Nobody shame-spirals during a hangover like me. Well, that's a little narcissistic. There are probably a lot of you out there in the great expanse of the universe who hurdle down the shame vortex after a night of boozing.
I'm actually shame-spiraling with a hangover as I write this to you.
It's Friday, and mama knocked back one too many glasses of white wine last night. I'm having what I like to call "white wine regrets." It's awful, this whole hangover business. I woke up feeling slightly hungover this morning, but OK. "You didn't make too much of an ass out of yourself last night," I dutifully thought to myself. "Good, job Z."
Just as I began to paint my slightly puffy white wine face with a thick dollop of heavy foundation, I suddenly remembered that I sent a text to a girl I like. F*CK. I actually think I sent about four text messages to her. Slight heart palpitations quickly ensued. I didn't even want to look at my phone. I was feeling far too vulnerable to face my humiliation. I suddenly had an insatiable desire to be cuddled by a motherly figure. "You're so alone in the world," I lamented to myself. I was now definitely feeling too vulnerable to take the hostile subway, so I ordered an Uber.
It was 2.5 surge rate. Insane. I can hardly pay my f*cking rent. But I took an Uber anyway because the thought of a train packed with people was enough to send me into a full-blown panic attack. This is when my shame went from mild to severe.
"What the f*ck is WRONG with you, you frivolous little bitch!" I thought to myself as I slid into the black leather seat of my ridiculously expensive car ride. "WHY do you drink so much white wine that you can't HANDLE taking the subway like every other NEW YORKER the morning after. Girl, you need to get your sh*t together. You can't afford this. If you can't handle the subway after drinking, YOU NEED TO QUIT DRINKING!"
I was stuck at a traffic light, stewing in self-hatred right at Lexington and 53rd street when I firmly decided it was time to check my text messages. "You can't avoid the truth forever," the nasty voice in my head taunted.
I could feel my blood pressure raise. I had a full-body, physical wave of anxiety as I pulled out my glitter-cased iPhone 6 Plus and glanced at my text messages.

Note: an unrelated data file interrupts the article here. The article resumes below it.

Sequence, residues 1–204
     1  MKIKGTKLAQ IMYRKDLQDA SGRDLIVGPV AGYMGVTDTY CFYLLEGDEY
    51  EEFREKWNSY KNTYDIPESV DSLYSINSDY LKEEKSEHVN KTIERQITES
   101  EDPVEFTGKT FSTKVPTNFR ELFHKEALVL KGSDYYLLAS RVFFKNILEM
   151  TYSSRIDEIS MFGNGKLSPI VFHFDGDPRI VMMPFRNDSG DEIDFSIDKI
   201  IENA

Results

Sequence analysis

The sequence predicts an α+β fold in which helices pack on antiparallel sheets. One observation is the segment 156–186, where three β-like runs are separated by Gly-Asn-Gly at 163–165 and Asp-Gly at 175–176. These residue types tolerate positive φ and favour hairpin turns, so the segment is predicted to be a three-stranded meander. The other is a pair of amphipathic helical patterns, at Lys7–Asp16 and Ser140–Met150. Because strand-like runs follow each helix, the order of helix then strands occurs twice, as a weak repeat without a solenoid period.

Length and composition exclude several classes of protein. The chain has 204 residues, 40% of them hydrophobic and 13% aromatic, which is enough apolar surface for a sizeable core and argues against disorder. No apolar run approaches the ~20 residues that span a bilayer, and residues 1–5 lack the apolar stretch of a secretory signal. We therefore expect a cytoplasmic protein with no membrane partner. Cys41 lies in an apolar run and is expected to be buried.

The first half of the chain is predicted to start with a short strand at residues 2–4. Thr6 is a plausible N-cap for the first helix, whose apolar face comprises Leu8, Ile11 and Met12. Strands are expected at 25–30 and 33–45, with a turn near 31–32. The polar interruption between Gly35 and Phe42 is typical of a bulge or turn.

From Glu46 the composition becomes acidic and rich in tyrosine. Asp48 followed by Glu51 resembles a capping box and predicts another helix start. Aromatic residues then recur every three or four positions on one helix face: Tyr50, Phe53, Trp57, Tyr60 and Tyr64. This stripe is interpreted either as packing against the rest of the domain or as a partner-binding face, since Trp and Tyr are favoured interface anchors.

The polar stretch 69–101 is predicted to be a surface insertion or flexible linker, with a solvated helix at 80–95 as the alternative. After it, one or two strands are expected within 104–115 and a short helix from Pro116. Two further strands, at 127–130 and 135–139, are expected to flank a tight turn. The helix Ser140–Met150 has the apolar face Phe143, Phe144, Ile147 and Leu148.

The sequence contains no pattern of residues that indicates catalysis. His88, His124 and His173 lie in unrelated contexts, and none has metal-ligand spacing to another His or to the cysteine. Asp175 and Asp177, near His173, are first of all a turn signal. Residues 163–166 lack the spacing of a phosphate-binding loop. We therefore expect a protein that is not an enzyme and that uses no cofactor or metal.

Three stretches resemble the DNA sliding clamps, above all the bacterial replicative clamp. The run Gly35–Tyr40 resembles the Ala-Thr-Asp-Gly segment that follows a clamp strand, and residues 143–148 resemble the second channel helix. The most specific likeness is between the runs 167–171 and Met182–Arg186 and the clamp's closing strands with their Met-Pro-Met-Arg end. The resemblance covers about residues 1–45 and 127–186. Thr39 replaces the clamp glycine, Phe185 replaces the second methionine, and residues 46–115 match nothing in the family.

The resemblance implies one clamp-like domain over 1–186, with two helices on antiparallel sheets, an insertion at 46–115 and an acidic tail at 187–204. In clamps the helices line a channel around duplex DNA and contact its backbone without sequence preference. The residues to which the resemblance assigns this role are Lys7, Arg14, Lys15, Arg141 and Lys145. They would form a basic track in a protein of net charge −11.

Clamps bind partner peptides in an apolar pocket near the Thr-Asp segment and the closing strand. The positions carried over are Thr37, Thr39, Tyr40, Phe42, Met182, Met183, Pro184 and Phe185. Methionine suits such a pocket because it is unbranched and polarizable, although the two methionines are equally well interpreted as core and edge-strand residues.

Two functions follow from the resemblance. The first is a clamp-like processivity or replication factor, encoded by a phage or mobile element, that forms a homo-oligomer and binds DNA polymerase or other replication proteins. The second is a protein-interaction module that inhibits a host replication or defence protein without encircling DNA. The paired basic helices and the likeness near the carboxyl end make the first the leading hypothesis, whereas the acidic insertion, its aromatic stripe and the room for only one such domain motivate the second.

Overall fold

It was time to face the music: With shaky hands, I scanned my text messages. Phew. It wasn't too terrible (I've been much, much worse). Just a little heavy on the exclamation points. But was it necessary to send her a f*cking selfie? AND BAM, I was suddenly catapulted back into that ugly spiral once again.
"Zara! You're so NARCISSTIC and VAIN! Why do you send people selfies, like they really give a sh*t? No one gives a sh*t about your bleary-eyed selfie. Get over yourself! How do you think you will ever find a nice respectable girlfriend when you pull stunts like this! And seriously, going out on a Thursday? Aren't we a little old to be going out on school nights?" I was being mean to myself, but I couldn't stop it. That's the problem with the shame-spiral; it's bigger than YOU.
Now I'm sitting at my desk at Elite Daily, too afraid to look and see if I posted something on social media whilst under the influence. Social media and booze are the WORST COMBINATION, and kids, I'm still spiraling. I have moments when I'm sort of OK, then BAM, a tiny little flash of revealing a little too much to new friends at dinner last night explodes in my brain, which turns into a full-blast panic. It's ridiculous, I know.
My best friend, Owen, calls it "shame shudders," which I find to be the perfect description of the post-alcohol panic and fear. It's much worse than just a physical hangover. It's an emotional hangover that cuts into the souls of us fragile people. I have friends who don't spiral. They are the types who were just born to drink. They never make fools of themselves. They wake up in the morning and hit the freaking gym after a bender. They are usually gay men. (God, please make me a gay man in my next life!)
However, all of my fellow emotionally unstable friends spiral right alongside me. The other day, I woke up to a slew of Facebook messages from my best friend, Ruba. "I'm in the drinking HALL OF SHAME," she wrote. "I woke up with an iPhone that isn't mine in my purse! I drank an entire bottle of wine and slept through my alarm! My BOSS is going to kill me! What am I doing with my LIFE!?" She was messaging me at the speed of rapid fire.
The girl has her sh*t together. She was just caught up in the post-drinking shame-spiral. Shame-spirals have the ability to derail even the most successful women.
There is no way to avoid the shame shudders, shame-spiraling, white wine regrets, whatever you want to call it, if you're wired this way. It just is going to happen. But we can spiral together, babies.
And you know what the best remedy for the spiral is? To look up quotes from the great writers and role models throughout history who will totally justify our bad behavior. In fact, it can stop you full throttle from going to a super dark place.
I mean all the great artists have sinned. It's not just us. And if Oscar Wilde can own his sins, then so we can WE.
So here are some quotes I've pulled together to justify our bad behavior and make us feel better about our reckless lives. Because the truth is, lovelies, we might be hungover and not in our best form today, but at least we ARE LIVING. And what is life without a few embarrassing text messages, bad selfies and excess?
Don't believe me? Read these quotes babe: